A put option works similarly but in reverse. If you buy a put option, you have the right to sell a stock at a certain price. If the option is a right to sell at $50 and a stock trades at $55 but drops to $45, that put option has value because you can sell something for $50 that is worth now only worth $45.
You can buy an option or you can write (sell) an option. RRSP investors can buy or sell call options, but call options can only be sold (written) if you already own the underlying shares in your RRSP (called a covered call option).
Option writing strategies that are deemed by the CRA to be speculative could be a problem. CRA could decide that an RRSP is carrying on a “business” and earning taxable “business income.”
“The CRA’s view is that the writing of a covered call option, whereby a registered plan sells a call option in respect of an underlying property which it already owns, does not result, in and of itself, in the registered plan being considered to be carrying on a business. In contrast, the writing of an uncovered call option, or the writing of a put option … may result in the registered plan being considered to be carrying on a business.”
Option investors should proceed with caution generally, as these are complex investments. Investors should be that much more careful trading options in an RRSP due to the potential adverse tax consequences.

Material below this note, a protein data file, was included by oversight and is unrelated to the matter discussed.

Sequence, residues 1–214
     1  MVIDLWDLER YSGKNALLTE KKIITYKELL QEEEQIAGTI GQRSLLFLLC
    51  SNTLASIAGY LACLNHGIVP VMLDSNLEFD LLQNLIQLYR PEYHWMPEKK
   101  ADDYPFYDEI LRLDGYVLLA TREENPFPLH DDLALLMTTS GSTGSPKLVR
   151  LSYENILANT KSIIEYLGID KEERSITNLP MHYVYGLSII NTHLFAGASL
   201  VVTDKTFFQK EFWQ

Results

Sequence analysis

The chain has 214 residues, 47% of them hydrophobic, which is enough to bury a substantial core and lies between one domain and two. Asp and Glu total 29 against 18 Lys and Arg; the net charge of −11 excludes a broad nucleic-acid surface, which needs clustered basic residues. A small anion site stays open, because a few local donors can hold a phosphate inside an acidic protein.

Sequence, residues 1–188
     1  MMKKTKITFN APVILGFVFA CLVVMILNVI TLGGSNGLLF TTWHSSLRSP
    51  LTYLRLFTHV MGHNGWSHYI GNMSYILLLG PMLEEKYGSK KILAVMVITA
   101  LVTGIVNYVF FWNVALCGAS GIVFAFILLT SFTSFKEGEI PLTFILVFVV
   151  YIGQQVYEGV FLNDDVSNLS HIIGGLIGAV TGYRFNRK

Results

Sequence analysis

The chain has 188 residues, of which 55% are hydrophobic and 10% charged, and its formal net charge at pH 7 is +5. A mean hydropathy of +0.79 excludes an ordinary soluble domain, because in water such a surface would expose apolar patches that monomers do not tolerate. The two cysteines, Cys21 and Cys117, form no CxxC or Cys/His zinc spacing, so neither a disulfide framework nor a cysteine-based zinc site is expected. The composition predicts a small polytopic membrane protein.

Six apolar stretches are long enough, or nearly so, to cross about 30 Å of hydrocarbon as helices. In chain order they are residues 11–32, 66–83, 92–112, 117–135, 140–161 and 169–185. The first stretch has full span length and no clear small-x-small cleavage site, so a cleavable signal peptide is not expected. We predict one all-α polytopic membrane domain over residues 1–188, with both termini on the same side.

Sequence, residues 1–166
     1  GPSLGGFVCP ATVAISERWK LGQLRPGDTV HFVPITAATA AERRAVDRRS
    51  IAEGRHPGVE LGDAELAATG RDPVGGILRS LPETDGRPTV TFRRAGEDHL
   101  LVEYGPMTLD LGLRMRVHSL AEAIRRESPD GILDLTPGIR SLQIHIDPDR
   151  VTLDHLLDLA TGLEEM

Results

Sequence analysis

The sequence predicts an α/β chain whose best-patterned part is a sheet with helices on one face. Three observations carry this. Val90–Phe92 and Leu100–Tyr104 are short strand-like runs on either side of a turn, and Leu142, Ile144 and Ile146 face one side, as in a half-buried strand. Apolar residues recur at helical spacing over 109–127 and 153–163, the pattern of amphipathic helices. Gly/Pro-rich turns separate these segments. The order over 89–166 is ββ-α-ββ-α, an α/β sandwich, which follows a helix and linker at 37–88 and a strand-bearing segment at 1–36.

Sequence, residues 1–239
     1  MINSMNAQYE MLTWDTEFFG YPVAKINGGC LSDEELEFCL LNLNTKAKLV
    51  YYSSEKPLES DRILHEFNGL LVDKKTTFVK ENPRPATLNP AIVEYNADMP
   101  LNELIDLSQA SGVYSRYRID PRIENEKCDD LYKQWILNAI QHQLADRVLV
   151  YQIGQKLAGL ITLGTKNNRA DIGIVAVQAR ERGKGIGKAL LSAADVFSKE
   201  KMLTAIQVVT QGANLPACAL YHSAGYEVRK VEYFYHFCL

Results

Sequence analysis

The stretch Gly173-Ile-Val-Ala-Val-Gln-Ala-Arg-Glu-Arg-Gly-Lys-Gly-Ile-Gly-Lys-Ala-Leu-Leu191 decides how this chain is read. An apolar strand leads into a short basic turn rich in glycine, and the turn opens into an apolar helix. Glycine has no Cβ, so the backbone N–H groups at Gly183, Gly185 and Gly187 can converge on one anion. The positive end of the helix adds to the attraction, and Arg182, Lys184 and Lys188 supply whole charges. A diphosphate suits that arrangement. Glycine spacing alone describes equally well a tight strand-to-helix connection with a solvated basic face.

Last, but not least, RRSP investors may not know that they can buy an annuity with their RRSP savings. Annuities tend to be more synonymous with Registered Retirement Income Funds (RRIFs) and the drawdown phase of your registered savings. But deferred annuities can be purchased today to start making payments to you in the future from your retirement savings.
Personally, I would be a bit leery to buy a deferred annuity today when interest rates are so low and likely to rise in the medium term before payments start. Higher interest rates mean higher annuity monthly payments. I also like the flexibility of deciding how to draw down your retirement assets when you are ready to retire as opposed to doing so now in advance. So while annuities may be a viable RRIF strategy for some retirees, I am not keen on a deferred annuity as an RRSP investment option.
In summary, there are lots of unique RRSP investment options available to investors beyond mutual funds. I think most people should stick with the plain vanilla options like GICs, bonds, stocks and ETFs rather than venturing into the murky waters of alternative RRSP investments, particularly given there are so many options even within that plain vanilla group.
For those more adventurous RRSP investors, consider some of the above RRSP investments that you may not have otherwise known about before.
Jason Heath is a fee-only Certified Financial Planner (CFP) and income tax professional for Objective Financial Partners Inc. in Toronto, Ontario.